I told Eddie I'd get back to work for Made in Heaven the day after Gordo's ceremony–after I'd made myself a nice pile of cash. My wedding plans were still vague–Aaron and I hadn't even picked a date yet–but people would expect the owner of Made in Heaven to put on an unforgettable event. Something elegant, something grand . . . something extravagantly expensive.
Though nowhere near as expensive as the union of Gordo Gutierrez and a very hot, very young rock singer–so young that Beau had directed me to keep an eye on her. Baseball fans would attend the wedding because of Gordo. But some other Seattleites, who couldn't tell a bunt from a batting helmet, would come just to see the bride. She had just released her first album, and she went by the name of Honeysuckle Hell.
Still others–female baseball fans–would be here on Sunday to sigh over Rob Harmon, Gordo's best man and our pitcher tonight. Recently retired from the Navs, Harmon was a sure bet for the Hall of Fame when he became eligible next year.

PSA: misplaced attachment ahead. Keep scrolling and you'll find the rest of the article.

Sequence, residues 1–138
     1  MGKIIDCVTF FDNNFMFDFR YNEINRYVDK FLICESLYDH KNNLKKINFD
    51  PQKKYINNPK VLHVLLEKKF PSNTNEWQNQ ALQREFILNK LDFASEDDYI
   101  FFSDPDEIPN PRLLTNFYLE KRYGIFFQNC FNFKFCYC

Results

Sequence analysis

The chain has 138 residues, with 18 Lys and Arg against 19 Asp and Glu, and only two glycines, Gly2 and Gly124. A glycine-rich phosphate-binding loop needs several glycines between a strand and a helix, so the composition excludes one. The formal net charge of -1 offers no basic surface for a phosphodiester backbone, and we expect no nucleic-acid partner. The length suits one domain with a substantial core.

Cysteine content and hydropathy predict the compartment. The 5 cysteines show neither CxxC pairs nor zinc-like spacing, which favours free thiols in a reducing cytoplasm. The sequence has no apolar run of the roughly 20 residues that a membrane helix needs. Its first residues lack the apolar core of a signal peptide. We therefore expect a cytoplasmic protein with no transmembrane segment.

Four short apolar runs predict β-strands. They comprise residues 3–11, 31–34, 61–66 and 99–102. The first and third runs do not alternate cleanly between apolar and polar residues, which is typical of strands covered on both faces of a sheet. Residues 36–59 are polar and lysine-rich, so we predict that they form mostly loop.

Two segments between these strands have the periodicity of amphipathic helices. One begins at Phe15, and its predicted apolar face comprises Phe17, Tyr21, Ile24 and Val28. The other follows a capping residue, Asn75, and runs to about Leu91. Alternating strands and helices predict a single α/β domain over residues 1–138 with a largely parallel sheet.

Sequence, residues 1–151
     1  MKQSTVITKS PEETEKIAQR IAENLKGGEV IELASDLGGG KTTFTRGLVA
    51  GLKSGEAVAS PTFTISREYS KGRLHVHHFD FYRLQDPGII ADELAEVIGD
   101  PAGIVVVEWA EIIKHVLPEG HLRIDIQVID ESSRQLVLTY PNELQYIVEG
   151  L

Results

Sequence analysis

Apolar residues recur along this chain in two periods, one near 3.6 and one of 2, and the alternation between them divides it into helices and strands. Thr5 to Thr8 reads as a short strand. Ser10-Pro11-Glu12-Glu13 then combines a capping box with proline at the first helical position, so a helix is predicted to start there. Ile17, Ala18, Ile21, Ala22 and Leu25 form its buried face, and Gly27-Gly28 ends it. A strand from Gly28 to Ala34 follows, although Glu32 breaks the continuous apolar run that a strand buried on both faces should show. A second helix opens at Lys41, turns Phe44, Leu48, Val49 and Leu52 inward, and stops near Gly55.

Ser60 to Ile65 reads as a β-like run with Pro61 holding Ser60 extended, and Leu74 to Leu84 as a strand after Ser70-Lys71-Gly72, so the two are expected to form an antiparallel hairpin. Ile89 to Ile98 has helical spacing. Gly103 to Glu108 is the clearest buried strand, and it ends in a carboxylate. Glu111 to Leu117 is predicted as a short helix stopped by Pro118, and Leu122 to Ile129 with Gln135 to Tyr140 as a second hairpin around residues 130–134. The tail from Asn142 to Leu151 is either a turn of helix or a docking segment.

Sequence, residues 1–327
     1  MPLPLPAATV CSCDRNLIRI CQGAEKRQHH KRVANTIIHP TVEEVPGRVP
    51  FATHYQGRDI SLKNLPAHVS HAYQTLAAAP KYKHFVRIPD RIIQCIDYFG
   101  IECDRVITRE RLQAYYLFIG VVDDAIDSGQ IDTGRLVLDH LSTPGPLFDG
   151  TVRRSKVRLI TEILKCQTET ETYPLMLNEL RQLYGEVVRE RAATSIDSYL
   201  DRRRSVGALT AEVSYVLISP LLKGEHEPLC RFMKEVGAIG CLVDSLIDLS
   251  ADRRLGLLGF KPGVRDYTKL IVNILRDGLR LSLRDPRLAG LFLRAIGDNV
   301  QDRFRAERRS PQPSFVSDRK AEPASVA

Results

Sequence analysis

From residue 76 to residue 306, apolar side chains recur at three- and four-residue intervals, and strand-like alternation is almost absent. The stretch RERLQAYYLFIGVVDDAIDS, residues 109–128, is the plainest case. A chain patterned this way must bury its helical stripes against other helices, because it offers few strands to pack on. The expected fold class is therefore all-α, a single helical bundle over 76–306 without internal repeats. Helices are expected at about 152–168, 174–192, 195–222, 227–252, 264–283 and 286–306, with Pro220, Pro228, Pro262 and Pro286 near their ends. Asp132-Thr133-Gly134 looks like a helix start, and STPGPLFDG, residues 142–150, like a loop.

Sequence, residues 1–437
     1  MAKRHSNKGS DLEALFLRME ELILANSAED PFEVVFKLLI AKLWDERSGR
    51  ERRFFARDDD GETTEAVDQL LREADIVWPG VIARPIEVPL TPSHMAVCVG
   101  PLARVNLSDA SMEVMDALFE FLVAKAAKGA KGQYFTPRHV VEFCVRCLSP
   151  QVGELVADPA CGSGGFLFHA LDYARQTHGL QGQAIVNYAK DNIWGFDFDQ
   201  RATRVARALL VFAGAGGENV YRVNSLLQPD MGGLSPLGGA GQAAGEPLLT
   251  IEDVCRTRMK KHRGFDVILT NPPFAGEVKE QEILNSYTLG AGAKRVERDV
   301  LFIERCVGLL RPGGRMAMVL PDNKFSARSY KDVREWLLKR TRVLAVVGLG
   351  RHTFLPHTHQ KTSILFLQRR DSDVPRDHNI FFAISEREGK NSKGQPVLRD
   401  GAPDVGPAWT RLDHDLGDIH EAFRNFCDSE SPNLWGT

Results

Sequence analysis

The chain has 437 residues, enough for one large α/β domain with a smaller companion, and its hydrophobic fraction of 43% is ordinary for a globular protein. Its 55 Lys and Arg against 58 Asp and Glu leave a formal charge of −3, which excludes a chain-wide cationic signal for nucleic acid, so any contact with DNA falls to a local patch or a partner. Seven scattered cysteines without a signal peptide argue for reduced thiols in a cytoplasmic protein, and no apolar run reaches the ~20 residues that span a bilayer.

Originally from Virginia, Charmin' Harmon had a soft drawl and thick fair hair and a power of concentration like a laser beam. They said he could X-ray batters right from the mound and decide how to pitch to them in the time it took to pull back his formidable arm. They said if Harmon stared at you, you'd be the one to blink.
But his athletic skills were matched, if not surpassed, by his good looks and southern charm. Those unblinking eyes were so blue you could swim in them, and every time he started for Seattle, the stands were packed with women and girls. I myself had gotten his autograph once, about ten years ago, and the way those unblinking blue eyes looked into mine . . .